First Signs of Spring

In the Orthodox Church, the beginning of Great Lent is referred to as “the Lenten Spring.”  The image is one of the new life beginning as the dead of winter passes away – a spiritual resurrection and renewal of life.

This year, here in Ohio, the beginning of Lent was not Spring like at all but rather was winter in its full force.  With our celebration of Pascha, Spring has clearly made itself present.

I share here a few photos I recently took in celebration of the arrival of spring.

We speak in the Orthodox Church about becoming a Christian as shedding the “old man” and putting on Christ.  Perhaps for me, these photos of Spring tell me we have finally shed Old Man Winter!

Sometimes the signs of Spring come in only the tiniest of things.

Sometimes we see Spring breaking forth in the landscape.  Thanks be to God!

You can view any of my photos on Flickr at Fr. Ted’s Photos.

Bright Tuesday (2015)

Christ is risen!   Indeed He is risen!

The celebration of Pascha is indeed an act of faith. Yet it has its foundation in the material universe. Physicist John Polkinghorne reflects on the physical reality of the risen Christ. For those with a scientific bent, Polkinghorne offers a scientist’s take on the resurrection.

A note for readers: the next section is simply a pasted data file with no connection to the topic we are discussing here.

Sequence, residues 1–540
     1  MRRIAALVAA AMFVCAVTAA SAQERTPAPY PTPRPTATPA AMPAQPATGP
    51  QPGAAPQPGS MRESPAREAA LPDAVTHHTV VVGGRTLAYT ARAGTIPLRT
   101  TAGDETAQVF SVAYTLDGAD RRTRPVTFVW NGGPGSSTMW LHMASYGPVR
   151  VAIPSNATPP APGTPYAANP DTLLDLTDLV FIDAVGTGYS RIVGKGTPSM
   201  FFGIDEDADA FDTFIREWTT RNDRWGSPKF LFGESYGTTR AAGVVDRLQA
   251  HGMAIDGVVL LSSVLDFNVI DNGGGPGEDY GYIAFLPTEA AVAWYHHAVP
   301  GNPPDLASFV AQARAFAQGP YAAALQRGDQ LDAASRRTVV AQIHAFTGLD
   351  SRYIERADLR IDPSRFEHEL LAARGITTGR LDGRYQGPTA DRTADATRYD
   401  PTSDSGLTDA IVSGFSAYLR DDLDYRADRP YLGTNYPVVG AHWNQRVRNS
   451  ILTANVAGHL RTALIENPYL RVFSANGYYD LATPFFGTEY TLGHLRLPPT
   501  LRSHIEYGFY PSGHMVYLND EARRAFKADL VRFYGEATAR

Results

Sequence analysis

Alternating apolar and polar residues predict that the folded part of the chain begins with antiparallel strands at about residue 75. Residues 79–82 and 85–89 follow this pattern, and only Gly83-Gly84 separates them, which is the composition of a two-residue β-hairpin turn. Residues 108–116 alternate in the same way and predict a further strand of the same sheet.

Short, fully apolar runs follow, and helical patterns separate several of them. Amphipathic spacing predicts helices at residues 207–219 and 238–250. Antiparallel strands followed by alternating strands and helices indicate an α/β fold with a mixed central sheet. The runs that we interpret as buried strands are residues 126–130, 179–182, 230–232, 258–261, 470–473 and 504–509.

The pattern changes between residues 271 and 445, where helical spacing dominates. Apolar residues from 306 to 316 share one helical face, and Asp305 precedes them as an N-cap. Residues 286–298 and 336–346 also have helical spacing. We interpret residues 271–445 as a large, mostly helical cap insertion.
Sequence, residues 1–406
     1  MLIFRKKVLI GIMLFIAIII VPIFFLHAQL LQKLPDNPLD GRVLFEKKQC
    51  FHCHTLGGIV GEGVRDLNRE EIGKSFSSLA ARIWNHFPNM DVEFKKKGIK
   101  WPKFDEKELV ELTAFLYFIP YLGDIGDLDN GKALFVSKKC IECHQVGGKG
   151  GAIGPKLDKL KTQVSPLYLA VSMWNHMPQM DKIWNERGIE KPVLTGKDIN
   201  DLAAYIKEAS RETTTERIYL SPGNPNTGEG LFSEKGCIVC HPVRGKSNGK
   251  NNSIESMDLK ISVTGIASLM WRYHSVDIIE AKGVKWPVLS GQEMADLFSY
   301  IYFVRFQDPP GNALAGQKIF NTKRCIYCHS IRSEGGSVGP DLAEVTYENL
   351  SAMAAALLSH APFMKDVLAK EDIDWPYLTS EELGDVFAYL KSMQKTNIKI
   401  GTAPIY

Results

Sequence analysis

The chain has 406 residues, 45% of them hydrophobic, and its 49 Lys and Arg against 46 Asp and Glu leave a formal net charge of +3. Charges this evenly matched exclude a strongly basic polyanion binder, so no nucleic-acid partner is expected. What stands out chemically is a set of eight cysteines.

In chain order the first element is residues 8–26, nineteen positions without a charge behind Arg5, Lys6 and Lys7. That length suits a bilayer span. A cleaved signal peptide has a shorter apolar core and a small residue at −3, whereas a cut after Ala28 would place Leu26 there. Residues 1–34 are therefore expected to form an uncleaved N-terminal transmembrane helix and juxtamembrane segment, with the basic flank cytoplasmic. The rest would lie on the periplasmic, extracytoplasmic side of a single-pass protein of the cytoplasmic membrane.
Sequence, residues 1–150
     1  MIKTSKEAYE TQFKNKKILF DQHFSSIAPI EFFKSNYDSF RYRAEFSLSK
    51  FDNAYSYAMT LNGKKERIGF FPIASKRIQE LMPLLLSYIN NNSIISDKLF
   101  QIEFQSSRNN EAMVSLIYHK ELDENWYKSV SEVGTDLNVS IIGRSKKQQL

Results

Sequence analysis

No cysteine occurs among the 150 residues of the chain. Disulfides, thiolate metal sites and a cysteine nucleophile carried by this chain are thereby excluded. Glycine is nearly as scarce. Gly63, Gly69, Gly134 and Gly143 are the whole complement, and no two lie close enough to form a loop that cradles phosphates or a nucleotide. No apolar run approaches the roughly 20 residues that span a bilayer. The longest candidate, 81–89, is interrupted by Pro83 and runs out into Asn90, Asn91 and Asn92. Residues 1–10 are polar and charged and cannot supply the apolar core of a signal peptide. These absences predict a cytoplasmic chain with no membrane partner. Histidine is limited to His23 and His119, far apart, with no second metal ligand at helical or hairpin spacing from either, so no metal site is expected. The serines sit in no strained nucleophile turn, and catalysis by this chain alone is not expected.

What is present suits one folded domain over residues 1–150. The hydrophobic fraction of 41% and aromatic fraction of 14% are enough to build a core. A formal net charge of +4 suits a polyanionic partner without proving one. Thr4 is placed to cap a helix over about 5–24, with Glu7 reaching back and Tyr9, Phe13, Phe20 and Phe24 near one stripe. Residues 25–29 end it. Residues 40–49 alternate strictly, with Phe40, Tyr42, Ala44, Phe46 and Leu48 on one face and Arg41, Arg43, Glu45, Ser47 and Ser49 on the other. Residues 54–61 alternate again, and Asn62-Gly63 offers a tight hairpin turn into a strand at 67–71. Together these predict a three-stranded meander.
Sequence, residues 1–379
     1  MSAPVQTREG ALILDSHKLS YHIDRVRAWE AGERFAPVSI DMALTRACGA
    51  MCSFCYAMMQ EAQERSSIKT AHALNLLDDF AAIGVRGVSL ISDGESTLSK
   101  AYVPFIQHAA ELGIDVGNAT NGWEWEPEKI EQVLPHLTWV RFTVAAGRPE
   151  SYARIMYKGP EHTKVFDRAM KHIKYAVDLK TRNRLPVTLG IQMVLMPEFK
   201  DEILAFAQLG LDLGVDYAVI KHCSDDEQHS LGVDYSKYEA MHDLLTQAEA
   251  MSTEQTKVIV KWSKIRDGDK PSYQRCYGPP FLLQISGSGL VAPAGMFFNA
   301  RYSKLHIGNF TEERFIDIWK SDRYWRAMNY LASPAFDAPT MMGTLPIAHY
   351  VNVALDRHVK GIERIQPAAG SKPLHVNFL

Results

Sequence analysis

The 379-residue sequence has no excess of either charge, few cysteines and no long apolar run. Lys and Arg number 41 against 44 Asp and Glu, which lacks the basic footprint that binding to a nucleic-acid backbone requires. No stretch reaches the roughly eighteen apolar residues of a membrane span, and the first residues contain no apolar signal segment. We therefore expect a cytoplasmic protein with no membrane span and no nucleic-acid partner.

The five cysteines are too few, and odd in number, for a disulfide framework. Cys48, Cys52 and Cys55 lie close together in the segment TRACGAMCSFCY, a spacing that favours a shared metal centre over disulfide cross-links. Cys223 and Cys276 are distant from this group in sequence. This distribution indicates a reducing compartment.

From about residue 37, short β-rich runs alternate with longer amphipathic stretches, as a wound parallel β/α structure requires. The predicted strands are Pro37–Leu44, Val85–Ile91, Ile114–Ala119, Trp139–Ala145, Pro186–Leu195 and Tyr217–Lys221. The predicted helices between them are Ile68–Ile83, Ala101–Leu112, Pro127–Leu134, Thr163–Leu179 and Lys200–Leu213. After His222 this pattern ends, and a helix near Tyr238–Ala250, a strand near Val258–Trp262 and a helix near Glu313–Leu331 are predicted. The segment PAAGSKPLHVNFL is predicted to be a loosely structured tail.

“If we regard human beings as psychosomatic unities, as I believe both the Bible and contemporary experience of the intimate connection between mind and brain encourage us to do, then the soul will have to be understood in an Aristotelian sense as the ‘form,’ or information-bearing pattern, of the body. Though this pattern is dissolved at death, it seems perfectly rational to believe that it will be remembered by God and reconstituted in a divine act of resurrection. The ‘matter’ of the world to come, which will be the carrier of this reembodiment, will be the transformed matter of the present universe, itself redeemed by God beyond its cosmic death. That resurrected universe is not a second attempt by the Creator to produce a world ex nihilo [out of nothing] but it is the transmutation of the present world in an act of new creation ex vetere [out of old]. God will then truly be ‘all in all’ (1 Cor 15:28) in a totally sacramental universe whose divine-infused ‘matter’ will be delivered from the transience and decay inherent in present physical process. Such mysterious and exciting beliefs depend for their motivation not only on the faithfulness of God, but also on Christ’s resurrection, understood as the seminal event from which the new creation grows, and indeed also on the detail of the empty tomb, with its implication that the Lord’s risen and glorified body is the transmutation of his dead body, just as the world to come will be the transformation of this present mortal world.”   (BELIEF IN GOD IN AN AGE OF SCIENCE, pp 22-23)